We speak with the 2019 Teacher of the Year, Rodney Robinson. He doesn’t have a typical teaching assignment. The 19-year veteran of Richmond Public Schools works at a school inside the Richmond Juvenile Justice Center.
Teacher mindset is a buzzword in education right now. But what does it really mean to have the right or wrong mindset in class?
A teenager gets put on blast on social media for peppering her speech with the word “like”. Why our teachers think using verbal fillers is and isn’t a big deal.
Can the adversity that students face be boiled down to a number? The makers of the SAT are going to try. Our teachers say that’s both a good and bad idea.
Teaching abroad can have its perks…but are they enough to pull teachers away from America?
After San Francisco’s plan to tackle school segregation actually made it worse, our teachers discuss how our conversation around this issue needs to change.
A high school newspaper’s story about a student sex worker causes a national stir. Now the district is threatening to fire the newspaper’s teacher adviser. We get that teacher’s side of the story.
Schools statistically are safer than they’ve been in years…so why doesn’t it feel like it?
Some say Fortnite, the video game, should be banned. Our teachers say that’s a bad idea. Instead, schools should be learning how to take advantage of kid’s gaming passion.
Teacher shortages have been around for decades, but new research shows it’s getting worse. What impact does that have on kids and classrooms?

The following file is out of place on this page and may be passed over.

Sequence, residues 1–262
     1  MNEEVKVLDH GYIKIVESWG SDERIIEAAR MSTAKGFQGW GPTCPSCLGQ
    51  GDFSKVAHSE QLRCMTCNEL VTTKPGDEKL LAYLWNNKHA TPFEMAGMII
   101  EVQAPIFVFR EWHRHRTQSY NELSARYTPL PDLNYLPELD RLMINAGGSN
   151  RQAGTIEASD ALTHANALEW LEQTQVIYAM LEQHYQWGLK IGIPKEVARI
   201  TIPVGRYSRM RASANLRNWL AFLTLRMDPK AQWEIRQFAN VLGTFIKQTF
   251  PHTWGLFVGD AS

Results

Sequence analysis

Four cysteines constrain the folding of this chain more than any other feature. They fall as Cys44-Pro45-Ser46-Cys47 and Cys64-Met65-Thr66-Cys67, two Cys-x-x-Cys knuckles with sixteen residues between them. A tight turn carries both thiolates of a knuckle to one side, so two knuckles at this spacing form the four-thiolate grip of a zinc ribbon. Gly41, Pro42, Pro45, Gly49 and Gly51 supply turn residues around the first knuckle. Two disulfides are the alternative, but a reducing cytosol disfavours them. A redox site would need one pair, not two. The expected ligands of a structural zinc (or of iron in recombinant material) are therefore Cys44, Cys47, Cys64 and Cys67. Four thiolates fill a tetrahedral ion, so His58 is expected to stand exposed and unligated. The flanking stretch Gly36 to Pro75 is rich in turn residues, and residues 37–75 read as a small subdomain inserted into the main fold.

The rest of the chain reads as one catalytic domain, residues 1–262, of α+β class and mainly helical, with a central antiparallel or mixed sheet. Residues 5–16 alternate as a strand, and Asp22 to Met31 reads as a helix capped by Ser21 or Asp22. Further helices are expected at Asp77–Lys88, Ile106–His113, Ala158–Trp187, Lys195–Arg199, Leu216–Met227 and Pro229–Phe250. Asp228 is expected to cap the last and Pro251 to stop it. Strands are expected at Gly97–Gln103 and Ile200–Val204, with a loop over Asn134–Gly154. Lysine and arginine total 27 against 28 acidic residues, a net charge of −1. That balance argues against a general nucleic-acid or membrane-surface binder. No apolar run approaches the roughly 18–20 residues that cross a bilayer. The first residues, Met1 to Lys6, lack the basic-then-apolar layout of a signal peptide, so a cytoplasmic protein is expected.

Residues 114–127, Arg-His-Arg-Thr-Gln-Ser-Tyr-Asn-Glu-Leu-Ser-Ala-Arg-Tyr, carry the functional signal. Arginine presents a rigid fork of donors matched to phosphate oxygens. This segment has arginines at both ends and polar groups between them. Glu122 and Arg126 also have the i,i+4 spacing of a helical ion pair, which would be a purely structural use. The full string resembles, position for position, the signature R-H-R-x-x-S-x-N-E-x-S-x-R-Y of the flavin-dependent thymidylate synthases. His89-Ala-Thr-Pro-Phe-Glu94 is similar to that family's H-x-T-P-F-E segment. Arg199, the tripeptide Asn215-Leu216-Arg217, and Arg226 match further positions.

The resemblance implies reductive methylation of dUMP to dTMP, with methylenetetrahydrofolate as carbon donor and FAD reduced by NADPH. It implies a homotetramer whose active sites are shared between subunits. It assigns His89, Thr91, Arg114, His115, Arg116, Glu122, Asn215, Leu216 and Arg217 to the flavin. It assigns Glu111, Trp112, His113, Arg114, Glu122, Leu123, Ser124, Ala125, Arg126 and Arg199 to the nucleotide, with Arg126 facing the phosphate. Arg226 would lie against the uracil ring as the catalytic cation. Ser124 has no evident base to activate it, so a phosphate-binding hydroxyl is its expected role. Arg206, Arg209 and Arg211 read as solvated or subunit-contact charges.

WARNING: This episode contains conversations about teen suicide. The number for the National Suicide Helpline is 1-800-273-8255.
The specter of teen suicide is again in the news. Do you feel comfortable broaching that topic with your students? Our teachers have advice.
The achievement gap between rich and poor students has hardly budged in 50 years. Our teachers say maybe we need to redefine what “gap” even means. Plus, bathroom access is always a hot topic at schools, but are we hurting student’s health by restricting when they can go?
A college admissions cheating scandal has shocked America. Our teachers say…you think that’s bad…how about all the legal ways the admissions process is unequal. Plus, “grit”…our teachers say there’s a lot wrong with how it’s being used in the classroom.
Dr. Seuss is one of the most beloved children authors of all time, but his place in the literary canon is being challenged. The reason has to do with history and race. Plus, Chicago public schools has a big problem with gangs…but our teachers say what they did to fix the situation only made it worse.
The Denver teacher strike was focused mostly on complaints about incentive pay. Our teachers break down that idea. Plus, standardized testing…what is it good for?
THERE’S A GOOD CHANCE YOU HAVE OR HAVE HAD A STUDENT WITH A LOVED ONE IN PRISON. BUT WE RARELY TALK ABOUT HOW TO HELP KIDS DEALING WITH THE EFFECTS OF MASS INCARCERATION. WE FIX THAT ON THIS WEEK’S EPISODE.
Many city schools struggle with the g-word. Gentrification. But there are actual steps schools can take to get involved. Plus, norms about manhood are changing but our teachers seeing a difference in their male students? Three female teachers give us their take.
Class size was a big sticking point in the recent LA teachers strike. But how do you know when a class really is too big? And the Covington Catholic mess, some say it’s a teachable moment. If so, who’s getting taught and what are they learning?
If reading is fundamental, why do so many American kids struggle with it? Emily Hanford from American Public Media explains. Plus, we know about the achievement gap, but what about the homework gap.
The national teacher of the year calls the detention of migrant children at the border “abuse” and an “atrocity”. But she says teachers can do something about it. Plus, as American cities are becoming less segregated…are schools following suit?